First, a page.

Children’s Book Publishers Think ‘Outside the Book’
Children’s books may be about finding the kid in all of us, but everyone in the children’s publishing business agrees that they have to grow up when it comes to taking advantage of profitable opportunities. The Internet is clearly not going away, yet with the need to protect children from cyberspace predators, publishers have to go through parents to get through to their young audiences.
Once you reach them, however, it can’t hurt to be as multidimensional as possible. Jason Wells, publicity and marketing director for New York-based Harry N. Abrams Inc., says kids are looking for books that are not just self-contained but also have supplementary aspects to them. “We publish three series that have interactive elements unique to that series,” he says. “We have books like ‘ttyl’ [Talk To You Later] about instant messages—how could you not have an Internet initiative to go along with it? It may seem counterintuitive to put an instant message into a novel, but it builds a new generation of reader. Look at ways kids express themselves these days. If you don’t include the Internet, you’re not relating to them.”
Book-Specific Web Sites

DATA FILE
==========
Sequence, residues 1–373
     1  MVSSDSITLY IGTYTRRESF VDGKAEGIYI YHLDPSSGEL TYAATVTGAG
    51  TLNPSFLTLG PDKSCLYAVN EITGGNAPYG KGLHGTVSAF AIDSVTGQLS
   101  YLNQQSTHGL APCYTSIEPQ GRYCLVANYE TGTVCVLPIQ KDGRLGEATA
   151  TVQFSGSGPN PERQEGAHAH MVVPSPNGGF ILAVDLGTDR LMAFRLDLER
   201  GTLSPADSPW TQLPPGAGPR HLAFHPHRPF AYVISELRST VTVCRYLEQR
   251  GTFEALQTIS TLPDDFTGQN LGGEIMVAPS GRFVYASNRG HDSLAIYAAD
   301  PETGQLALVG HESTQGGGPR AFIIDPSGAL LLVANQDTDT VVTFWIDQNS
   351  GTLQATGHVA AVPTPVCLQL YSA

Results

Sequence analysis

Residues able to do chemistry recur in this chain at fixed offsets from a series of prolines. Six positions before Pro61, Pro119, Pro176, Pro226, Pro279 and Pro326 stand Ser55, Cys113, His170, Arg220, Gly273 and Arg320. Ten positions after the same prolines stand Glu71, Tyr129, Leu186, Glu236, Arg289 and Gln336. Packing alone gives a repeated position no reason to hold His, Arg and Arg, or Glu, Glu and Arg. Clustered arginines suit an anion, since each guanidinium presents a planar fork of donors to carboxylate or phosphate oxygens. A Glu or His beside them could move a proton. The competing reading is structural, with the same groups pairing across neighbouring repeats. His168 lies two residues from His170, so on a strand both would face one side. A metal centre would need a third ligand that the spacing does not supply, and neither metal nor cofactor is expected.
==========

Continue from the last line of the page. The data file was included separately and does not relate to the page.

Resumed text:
Wells also says this means having Web sites for the books and ways for readers to reach the authors, even though they produce 85 to 100 children’s titles a year. “Lauren Myracle wrote the ‘Sisters Grimm’ series, and we made a dedicated Web site. This allows Myracle to respond directly to children’s e-mails. We even have ‘Sisters Grimm’ games to let kids write their own fairy tales.”
Wells continues, “You have to get [the kids] involved. And if you don’t think kids care [about the Web], then how do you explain the e-mails that complain about a new character not having a Web site yet?”
Lisa Holton, president of Scholastic Book Fairs—which partners with schools around the country to host more than 120,000 book-sale events annually—says the J.K. Rowling site and the Scholastic Harry Potter site are popular because, “kids love the games, the additional material about the authors, videos, and all the different interactive elements online that extends their book experience. … In addition to sites for specific titles or authors, Scholastic has an online book club called Flashlight Readers … an entire community of readers engages with one particular book for a period of time through this site.”